My site is still young and contents aren't that many right now, but what I really enjoy doing is making all the pages look better and be more usable. One thing that I recently gave thought on were my error pages.
I tried to advertently access a missing page, and I was greeted with my old one liner text and a suggestion to visit my blog. At the bottom of it was my twitter feed. It had the same layout as the rest of my site's pages and had the usual links on the right side. Funny though, when you access this missing page, it did take the usual loading time only to be displayed with such a page. And so I thought it needed a revamp.
Aside from thoughts on usability, I wanted really to put some things that can't really be done from plain HTML. I wanted to put some of my recent posts as suggestions for visits. These and I get stuck with an HTML file for 404 or 500. And so, after some time of research, I found a very nice solution.
I came across a wiki entry on how to configure the error page of your application and proposed that ActionController::Rescue's
rescue_action_in_public will be overriden in the
application.rb of your application.
Rails' 404 and 500 error pages are located in the public directory of your application and they are in plain HTML files. The only way for us to use layouts is to put it somewhere inside the application where layouts and the ActionController can do its tasks.
A 404 error can be triggered when there is a path retrieved and its not found anywhere in the application. The easiest way to catch this and point it to a controller/method. In your config/routes.rb, add the lowest priority route definition:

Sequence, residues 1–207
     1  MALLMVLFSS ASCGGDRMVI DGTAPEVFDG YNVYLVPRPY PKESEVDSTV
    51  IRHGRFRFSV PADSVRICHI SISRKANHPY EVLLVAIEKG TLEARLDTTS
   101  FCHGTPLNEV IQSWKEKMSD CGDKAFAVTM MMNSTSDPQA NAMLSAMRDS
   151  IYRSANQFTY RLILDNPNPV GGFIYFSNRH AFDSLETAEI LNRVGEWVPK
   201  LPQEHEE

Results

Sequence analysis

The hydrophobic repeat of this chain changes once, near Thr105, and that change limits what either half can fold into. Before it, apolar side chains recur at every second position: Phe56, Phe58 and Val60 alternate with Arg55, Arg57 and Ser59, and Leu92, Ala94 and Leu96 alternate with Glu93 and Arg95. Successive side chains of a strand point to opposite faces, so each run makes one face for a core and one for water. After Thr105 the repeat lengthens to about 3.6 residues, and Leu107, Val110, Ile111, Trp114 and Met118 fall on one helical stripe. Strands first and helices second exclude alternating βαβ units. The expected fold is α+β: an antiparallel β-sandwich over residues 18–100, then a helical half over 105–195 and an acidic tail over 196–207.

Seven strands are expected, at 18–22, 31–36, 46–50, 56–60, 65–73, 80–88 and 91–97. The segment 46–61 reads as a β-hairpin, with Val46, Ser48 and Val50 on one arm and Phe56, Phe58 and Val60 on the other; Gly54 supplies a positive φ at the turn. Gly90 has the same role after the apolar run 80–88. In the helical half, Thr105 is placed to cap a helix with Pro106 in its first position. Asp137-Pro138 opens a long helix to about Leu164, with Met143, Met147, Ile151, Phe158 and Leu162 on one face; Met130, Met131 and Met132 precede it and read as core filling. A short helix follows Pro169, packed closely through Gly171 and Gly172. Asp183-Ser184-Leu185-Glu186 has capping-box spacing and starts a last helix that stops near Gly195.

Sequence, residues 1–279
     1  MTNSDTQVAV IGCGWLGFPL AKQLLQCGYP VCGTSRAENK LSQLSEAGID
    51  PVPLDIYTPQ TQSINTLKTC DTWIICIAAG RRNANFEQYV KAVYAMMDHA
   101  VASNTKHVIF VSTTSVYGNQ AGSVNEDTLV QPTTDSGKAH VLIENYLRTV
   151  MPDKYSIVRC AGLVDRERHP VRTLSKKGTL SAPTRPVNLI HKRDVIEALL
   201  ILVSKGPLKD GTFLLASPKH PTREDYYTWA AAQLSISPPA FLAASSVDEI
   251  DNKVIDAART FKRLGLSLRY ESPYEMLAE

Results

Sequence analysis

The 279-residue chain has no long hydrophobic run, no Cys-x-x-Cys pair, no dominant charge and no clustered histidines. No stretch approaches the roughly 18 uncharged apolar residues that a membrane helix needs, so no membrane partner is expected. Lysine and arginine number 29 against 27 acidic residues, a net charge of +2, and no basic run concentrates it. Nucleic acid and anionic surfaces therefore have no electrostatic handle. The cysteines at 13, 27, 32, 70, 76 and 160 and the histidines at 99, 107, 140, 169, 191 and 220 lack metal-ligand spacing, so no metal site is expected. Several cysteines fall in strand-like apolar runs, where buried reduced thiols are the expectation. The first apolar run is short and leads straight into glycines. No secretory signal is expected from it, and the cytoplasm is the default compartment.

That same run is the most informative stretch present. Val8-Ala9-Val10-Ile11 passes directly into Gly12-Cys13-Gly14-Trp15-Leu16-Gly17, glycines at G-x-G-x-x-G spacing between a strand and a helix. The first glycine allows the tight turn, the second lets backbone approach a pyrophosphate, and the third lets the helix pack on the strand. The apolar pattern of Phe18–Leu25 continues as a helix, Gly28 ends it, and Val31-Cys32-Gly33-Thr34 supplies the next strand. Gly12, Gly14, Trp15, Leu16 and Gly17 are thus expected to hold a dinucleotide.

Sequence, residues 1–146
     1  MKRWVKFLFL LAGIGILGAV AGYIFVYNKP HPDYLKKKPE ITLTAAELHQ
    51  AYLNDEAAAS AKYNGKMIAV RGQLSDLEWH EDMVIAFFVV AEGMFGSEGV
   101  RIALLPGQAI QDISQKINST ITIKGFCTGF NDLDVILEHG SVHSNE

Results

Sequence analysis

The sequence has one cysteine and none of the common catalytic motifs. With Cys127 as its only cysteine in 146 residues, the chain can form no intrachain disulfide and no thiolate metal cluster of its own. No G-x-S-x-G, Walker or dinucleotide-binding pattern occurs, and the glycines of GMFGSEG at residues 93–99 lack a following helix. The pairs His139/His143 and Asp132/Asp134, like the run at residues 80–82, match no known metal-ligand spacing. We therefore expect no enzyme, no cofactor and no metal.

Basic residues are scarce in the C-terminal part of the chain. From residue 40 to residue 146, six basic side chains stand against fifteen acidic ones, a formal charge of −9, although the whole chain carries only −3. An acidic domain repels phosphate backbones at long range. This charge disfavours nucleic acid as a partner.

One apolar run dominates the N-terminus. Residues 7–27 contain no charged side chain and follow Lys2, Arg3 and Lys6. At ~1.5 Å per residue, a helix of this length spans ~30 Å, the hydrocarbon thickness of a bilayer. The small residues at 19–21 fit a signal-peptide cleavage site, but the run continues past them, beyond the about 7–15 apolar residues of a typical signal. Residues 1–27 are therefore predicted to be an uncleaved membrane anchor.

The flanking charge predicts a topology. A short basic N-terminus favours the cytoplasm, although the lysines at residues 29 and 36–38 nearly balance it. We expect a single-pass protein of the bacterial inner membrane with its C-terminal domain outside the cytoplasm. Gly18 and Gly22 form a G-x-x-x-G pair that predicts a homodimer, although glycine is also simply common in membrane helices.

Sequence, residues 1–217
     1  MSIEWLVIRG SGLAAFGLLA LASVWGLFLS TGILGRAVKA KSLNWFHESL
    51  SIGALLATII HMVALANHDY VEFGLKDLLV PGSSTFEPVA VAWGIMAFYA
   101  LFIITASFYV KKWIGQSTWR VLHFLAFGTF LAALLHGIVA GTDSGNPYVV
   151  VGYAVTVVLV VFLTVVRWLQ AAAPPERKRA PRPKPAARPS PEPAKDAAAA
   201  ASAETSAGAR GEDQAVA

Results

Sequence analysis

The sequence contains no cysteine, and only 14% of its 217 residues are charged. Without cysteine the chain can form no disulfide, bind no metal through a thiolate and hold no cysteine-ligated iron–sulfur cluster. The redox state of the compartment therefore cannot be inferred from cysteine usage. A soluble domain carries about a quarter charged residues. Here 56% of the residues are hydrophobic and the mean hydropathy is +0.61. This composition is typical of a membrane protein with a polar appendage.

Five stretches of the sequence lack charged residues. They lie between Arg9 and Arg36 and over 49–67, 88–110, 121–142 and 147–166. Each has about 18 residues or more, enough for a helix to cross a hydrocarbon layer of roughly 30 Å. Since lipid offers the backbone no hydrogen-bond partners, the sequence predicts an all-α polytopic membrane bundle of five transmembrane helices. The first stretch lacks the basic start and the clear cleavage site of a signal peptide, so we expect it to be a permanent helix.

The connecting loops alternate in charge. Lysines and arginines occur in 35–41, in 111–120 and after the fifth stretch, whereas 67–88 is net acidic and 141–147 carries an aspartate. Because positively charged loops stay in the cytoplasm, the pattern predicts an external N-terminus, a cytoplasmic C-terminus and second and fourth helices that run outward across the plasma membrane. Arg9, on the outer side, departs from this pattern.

map.connect '*path', :controller => 'application', :action => 'rescue_404' unless ::ActionController::Base.consider_all_requests_local
When all routes have been checked and that the currently requested file is not found, it lands on the lowest priority route and makes a request to application.rb's
rescue_action_in_public receives the call and directs to the right template. In your application.rb, put these codes:
def rescue_404 rescue_action_in_public(ActionController::RoutingError) end def rescue_action_in_public(exception) #maybe gather up some data you''d want to put in your error page case exception when ActionController::InvalidAuthenticityToken when ArgumentError when SyntaxError render :template => "shared/error500", :layout => "error", :status => "500" else render :template => "shared/error404", :layout => "error", :status => "404" end end def local_request? return false end
This works, but these codes just catches the 404 errors, but not the 500s. I found this out the hard way, but I'm saving you time and letting you know how to work this out. By reading further, some are suggesting to put specific
rescue_action_in_public methods per controller. I think that this would be too tiring, and so having a DRY implementation of it would be better.
Since some errors occur before any controllers are loaded, we need to create a "pre-controller" approach. Create a pre controller in your lib folder. You can name it as you please. Put in the following lines:
class ActionController::Base def rescue_action_in_public(exception) #maybe gather up some data you'd want to put in your error page case exception when ActiveRecord::RecordNotFound when ActiveRecord::RecordInvalid when ActionController::RoutingError when ActionController::UnknownController when ActionController::UnknownAction when ActionController::MethodNotAllowed render :template => "shared/error404", :layout => "error", :status => "404" else render :template => "shared/error500", :layout => "error", :status => "500" end end end
Strap the loading of this file into your
config/environment.rb like this:
or whatever you named your file with. After that, you now need to create your templates and layout files as necessary. Well, I'm sure you already know how to work that out. :)
That's it. I haven't found any bright alternatives, but it works for me, and I think it just needs a little cleaning and it'll be better.